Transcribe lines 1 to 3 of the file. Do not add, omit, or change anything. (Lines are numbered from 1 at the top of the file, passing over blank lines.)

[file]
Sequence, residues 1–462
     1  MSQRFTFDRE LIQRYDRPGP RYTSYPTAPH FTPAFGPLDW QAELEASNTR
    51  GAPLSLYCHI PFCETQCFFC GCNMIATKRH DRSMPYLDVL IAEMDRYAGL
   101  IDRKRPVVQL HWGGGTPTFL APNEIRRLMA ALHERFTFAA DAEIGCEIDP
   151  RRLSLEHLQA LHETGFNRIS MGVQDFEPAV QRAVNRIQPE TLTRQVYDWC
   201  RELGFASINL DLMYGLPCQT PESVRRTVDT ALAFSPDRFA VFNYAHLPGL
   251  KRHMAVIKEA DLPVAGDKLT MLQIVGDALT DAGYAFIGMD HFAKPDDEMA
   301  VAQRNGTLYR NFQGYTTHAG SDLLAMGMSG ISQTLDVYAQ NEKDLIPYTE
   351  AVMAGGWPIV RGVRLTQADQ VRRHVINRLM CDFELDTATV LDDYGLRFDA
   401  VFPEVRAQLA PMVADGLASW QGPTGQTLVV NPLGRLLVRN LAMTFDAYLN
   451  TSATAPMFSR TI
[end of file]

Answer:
Sequence, residues 1–462
     1  MSQRFTFDRE LIQRYDRPGP RYTSYPTAPH FTPAFGPLDW QAELEASNTR
    51  GAPLSLYCHI PFCETQCFFC GCNMIATKRH DRSMPYLDVL IAEMDRYAGL